Skip to content. | Skip to navigation

Career profile: Landscape architect

Career profile: Landscape architectDo you enjoy the outdoors, designing and caring for the environment? Then a career in landscape architecture could be just for you.

A what?

Landscape architects plan and design open spaces including inner-city squares, shopping centres, parks, coastline and countryside.

On the job

Whether they are transforming a derelict industrial area or designing a landscape to complement a heritage site, landscape architects aim to produce pleasant places to live, work and relax that are environmentally friendly and sustainable.

Typically, a landscape architect's job may involve working with clients to plan a project, surveying the site and investigating its natural resources and features, then consulting people who live and work in the area about the proposed development.

Following that they will use computer-aided design (CAD) packages to turn ideas for the project into plans. They will choose trees, shrubs and plants that will suit the land type and the needs of the site, make sure there is suitable access to the site for disabled people or families with pushchairs, and estimate the costs of constructing the landscape and maintaining it once it is complete.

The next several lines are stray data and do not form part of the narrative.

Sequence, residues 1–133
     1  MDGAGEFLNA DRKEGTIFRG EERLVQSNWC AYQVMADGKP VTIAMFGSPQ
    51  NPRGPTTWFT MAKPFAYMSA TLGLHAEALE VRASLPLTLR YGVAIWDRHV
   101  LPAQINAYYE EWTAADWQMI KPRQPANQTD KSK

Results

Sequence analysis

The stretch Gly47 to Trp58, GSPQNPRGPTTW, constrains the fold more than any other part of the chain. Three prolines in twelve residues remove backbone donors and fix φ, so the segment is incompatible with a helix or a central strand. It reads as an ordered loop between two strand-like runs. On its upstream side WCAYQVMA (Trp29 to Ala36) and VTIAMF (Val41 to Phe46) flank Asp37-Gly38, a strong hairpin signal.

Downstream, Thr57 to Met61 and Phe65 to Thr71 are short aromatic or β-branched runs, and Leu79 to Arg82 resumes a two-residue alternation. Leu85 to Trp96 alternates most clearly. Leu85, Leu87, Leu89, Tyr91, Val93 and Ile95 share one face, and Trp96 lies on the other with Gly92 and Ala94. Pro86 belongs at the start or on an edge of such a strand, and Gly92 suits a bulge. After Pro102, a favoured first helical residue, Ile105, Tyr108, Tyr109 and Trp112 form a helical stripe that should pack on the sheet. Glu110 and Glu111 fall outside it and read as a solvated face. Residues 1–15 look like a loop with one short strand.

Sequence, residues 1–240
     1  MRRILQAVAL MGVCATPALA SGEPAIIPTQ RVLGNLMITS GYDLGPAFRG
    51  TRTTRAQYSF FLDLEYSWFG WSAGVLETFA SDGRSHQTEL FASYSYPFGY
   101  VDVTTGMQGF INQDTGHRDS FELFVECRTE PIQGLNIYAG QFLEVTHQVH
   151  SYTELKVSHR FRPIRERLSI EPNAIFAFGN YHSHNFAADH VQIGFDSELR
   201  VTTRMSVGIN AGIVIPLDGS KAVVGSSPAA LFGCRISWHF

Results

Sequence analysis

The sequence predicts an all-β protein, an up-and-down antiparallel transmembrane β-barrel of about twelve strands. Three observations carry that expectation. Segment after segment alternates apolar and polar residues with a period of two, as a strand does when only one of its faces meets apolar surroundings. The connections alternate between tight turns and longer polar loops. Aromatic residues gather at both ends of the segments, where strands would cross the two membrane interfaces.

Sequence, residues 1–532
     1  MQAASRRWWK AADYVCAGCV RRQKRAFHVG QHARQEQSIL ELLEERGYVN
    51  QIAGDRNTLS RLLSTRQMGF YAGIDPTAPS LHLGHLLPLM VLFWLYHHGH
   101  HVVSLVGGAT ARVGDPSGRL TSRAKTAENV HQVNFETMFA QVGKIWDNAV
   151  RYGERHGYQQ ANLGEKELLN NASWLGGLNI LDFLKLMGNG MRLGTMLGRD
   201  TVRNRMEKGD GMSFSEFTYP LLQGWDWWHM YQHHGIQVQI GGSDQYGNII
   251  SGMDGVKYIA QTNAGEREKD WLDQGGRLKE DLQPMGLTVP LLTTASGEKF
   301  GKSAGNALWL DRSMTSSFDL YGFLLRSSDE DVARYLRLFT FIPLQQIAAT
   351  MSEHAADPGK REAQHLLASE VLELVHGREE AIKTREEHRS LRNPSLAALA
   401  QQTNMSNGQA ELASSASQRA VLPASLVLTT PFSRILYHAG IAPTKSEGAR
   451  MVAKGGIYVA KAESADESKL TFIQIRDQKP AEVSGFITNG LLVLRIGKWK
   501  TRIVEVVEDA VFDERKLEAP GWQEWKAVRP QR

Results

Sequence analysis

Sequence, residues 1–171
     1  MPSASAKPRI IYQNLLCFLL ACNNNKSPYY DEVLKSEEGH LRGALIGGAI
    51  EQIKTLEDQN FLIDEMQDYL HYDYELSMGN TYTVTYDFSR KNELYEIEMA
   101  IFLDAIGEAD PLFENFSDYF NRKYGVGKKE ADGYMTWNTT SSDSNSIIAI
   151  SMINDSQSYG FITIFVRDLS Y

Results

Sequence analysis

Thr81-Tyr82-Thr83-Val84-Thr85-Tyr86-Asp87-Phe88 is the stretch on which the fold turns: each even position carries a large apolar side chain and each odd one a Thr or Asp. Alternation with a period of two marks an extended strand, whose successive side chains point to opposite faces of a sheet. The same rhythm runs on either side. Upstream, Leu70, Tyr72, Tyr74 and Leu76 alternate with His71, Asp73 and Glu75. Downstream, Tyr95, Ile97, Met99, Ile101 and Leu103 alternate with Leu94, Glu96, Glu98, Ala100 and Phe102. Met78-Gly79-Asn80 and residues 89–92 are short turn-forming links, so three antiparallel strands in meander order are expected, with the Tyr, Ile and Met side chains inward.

Other work might also include giving presentations about the project to relevant groups such as council committees or clients, writing detailed reports, submitting plans and estimates to the client and, once work is underway, visiting the site to make sure the designs are being followed and work is running smoothly.

How much does it pay?

Salaries range from around £18,500 to £33,000 a year in public sector work, and may be higher in private practice.

How do I get there?

Most landscape architects have a degree or postgraduate qualification accredited by the Landscape Institute (LI). The LI website has a list of accredited courses offered by universities and colleges throughout the UK.

The minimum requirements for a degree course usually include two A-levels/three H grades, or equivalent qualifications. Subjects such as geography, environmental science, biology, and art and design are particularly useful. Admissions tutors may take previous relevant experience into account.

To gain a place on a postgraduate course, candidates need a good first degree. Subjects like environmental science, biology, geography, land-based sciences, landscape design, planning, soil science, forestry, engineering, agriculture and ecology are particularly useful.

Candidates are advised to check the specific entry requirements with individual institutions. There may be opportunities for part-time or flexible learning.

After successfully completing the course, students are eligible for associate membership of the LI. This is the first step to becoming a chartered landscape architect.

Related links